|Type||Economic policy think tank|
|Headquarters||1611 Connecticut Avenue NW|
Washington, D.C., United States
The Center for Economic and Policy Research (CEPR) is an economic policy think-tank based in Washington, D.C. which was co-founded by economists Dean Baker and Mark Weisbrot. CEPR contributors include Nobel Memorial Prize in Economic Sciences recipients Joseph Stiglitz and Robert Solow. Founded in 1999, It has been described as both progressive and left-leaning.
The Center for Economic and Policy Research (CEPR), founded in 1999, is a think tank which concentrates on economic research and public education. CEPR has focused on topics that affect people's lives, in order to contribute to public debate in the United States (social security, healthcare, the national budget), and internationally (global economy, International Monetary Fund, and Latin America policy).
CEPR supports the Affordable Care Act stating that it is "a family-friendly policy" and that the policy "has allowed thousands of workers to voluntarily reduce their work hours to care for children or elderly parents, or to explore new opportunities". Despite the increase in the percentage of workers employed on a part-time basis, CEPR concluded that such statistics were not sufficient to make any overall judgments on the health of the labor market.
A 2014 study by CEPR shows that 13 states that increased their minimum wage had an average payroll of 0.99% compared to 0.68% in other states, though the CEPR stated the analysis was "far from scientific".
The neutrality of this section is disputed. (December 2019) (Learn how and when to remove this template message)
In 2008, Brazilian Foreign Secretary Celso Amorim cited CEPR's work to explain why Brazil had no interest in signing a free trade agreement with the United States. He said that the CEPR report concluded that the most severe impacts from the 2008 Global Financial Crisis will be suffered by those economies most integrated to United States, those that have free trade agreements with the US.
CEPR has published at length about Venezuela and has been described[by whom?] as supporting Hugo Chávez and the Venezuelan government with some of the data presented by CEPR along with Weisbrot being accused by Francisco Rodríguez of using "slanted information" to support the Venezuelan government. Staff members such as Mark Weisbrot, CEPR's founder, and Deborah James, the former director of the Venezuelan government's Venezuela Information Office, have attended pro-Venezuelan government events[neutrality is disputed] alongside other activists such as Daniel Kovalik. Venezuelanalysis.com, a pro-Bolivarian website, has also used CEPR as their only source of economic indicators for their website since 2007.[relevant? ]
In October 2012, Weisbrot wrote an op-ed for The New York Times that stated in part, "[a]lthough some media have talked of Venezuela’s impending economic collapse for more than a decade, it hasn’t happened and is not likely to happen." Later, in a July 2014 article titled "How to fix Venezuela's troubled exchange rate" written for Fortune magazine, Weisbrot attributed many of Venezuela's economic problems to their monetary policies such as the government's exchange rate system. In a June 2016 article titled "A U.S. Policy of Non-intervention in Venezuela Would Be a Welcome Change" written for the New York Times, Weisbrot blamed the U.S. for many of Venezuela's economic problems: "Washington has caused enormous damage to Venezuela in its relentless pursuit of 'regime change' for the last 15 years."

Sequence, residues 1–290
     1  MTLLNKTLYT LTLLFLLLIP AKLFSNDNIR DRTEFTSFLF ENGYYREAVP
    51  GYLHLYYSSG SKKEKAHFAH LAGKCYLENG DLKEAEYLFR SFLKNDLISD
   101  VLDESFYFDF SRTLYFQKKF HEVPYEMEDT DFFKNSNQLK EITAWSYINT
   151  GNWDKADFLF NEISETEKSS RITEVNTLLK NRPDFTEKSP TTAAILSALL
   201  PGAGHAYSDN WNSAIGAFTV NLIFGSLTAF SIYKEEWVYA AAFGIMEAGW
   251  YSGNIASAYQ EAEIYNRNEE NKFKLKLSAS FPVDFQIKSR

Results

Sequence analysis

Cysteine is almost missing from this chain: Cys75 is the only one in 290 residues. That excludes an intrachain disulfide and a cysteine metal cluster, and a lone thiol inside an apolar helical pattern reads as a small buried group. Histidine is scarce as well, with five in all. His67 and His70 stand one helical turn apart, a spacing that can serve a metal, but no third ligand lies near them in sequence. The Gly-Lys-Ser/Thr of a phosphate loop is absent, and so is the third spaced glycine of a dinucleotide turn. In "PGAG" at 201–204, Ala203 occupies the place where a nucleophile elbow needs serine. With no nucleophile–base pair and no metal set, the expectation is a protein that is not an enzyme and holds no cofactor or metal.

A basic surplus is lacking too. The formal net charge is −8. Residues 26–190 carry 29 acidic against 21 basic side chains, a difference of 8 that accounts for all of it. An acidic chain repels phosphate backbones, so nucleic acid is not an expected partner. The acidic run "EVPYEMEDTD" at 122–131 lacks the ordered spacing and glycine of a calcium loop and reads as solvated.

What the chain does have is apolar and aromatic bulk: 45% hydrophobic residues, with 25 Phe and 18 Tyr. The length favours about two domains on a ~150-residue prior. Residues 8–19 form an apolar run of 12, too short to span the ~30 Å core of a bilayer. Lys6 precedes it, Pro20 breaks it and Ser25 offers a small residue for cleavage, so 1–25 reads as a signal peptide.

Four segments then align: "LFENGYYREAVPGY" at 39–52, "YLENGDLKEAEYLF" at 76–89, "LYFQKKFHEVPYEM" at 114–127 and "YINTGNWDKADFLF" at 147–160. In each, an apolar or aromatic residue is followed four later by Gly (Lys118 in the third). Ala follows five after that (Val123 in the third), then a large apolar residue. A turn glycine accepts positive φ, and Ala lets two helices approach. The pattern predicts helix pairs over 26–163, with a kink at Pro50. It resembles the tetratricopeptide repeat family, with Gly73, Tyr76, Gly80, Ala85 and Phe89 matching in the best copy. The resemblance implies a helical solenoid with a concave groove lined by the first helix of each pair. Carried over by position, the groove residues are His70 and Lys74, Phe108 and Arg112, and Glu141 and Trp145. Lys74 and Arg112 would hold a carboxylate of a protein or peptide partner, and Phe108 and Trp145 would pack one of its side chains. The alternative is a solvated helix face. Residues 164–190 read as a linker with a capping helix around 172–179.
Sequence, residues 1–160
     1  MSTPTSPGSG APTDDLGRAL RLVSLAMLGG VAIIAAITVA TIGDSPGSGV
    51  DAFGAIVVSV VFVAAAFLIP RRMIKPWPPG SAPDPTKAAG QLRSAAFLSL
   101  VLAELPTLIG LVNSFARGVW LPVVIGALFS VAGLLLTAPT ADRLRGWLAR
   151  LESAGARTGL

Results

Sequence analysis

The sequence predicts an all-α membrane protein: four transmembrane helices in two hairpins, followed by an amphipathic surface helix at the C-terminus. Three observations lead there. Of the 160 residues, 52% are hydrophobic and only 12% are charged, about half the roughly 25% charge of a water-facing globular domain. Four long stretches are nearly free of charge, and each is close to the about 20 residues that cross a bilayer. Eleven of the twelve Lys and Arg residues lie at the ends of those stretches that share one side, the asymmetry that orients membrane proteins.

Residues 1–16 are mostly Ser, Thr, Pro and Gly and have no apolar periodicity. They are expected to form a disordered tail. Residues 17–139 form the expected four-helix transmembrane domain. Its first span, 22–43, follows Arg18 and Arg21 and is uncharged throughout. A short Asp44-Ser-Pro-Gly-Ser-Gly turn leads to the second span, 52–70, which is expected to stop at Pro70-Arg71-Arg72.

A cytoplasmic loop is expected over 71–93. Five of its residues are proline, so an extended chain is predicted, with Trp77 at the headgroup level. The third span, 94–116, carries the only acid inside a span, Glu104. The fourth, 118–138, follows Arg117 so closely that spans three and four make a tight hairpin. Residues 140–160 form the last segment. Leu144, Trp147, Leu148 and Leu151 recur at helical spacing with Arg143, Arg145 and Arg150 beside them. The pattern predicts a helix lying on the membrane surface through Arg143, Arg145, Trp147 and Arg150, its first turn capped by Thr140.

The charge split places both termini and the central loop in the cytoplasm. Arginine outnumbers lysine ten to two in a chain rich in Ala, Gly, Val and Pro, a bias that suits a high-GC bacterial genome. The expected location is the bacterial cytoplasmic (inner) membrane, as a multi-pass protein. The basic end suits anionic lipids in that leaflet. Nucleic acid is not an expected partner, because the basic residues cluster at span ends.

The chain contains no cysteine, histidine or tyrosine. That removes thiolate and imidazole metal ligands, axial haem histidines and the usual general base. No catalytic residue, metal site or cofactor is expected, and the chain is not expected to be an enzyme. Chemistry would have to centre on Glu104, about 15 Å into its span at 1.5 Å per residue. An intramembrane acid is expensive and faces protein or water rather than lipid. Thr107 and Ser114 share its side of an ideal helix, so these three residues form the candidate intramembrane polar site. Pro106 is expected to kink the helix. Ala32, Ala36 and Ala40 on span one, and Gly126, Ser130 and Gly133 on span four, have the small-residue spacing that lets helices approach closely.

in 2019, CEPR criticized the Organization of American States (OAS)'s audit of the 2019 Bolivian general election, which concluded that the results of the elections should be voided because there were "drastic and hard-to-explain change in the trend of the preliminary results after the closing of the polls". Co-Director Mark Weisbrot contended that the report "provides absolutely no evidence — no statistics, numbers, or facts of any kind — to support this idea", and called on the OAS to retract its press release. CEPR asked researchers at the MIT Election Data and Science Lab to independently verify their work on the 2019 Bolivian election. The MIT researchers published a statistical analysis on 27 February 2020 confirming the results of the CEPR study and finding that there was no "statistical evidence of fraud that we can find — the trends in the preliminary count, the lack of any big jump in support for Morales after the halt, and the size of Morales’s margin all appear legitimate. All in all, the OAS's statistical analysis and conclusions would appear deeply flawed" and that "it is highly likely that Morales surpassed the 10-percentage-point margin in the first round" as originally presented.
As of 2017, CEPR's Board of Directors includes:
… Mark Weisbrot, co-director of the Center for Economic and Policy Research, a left-leaning Washington policy group.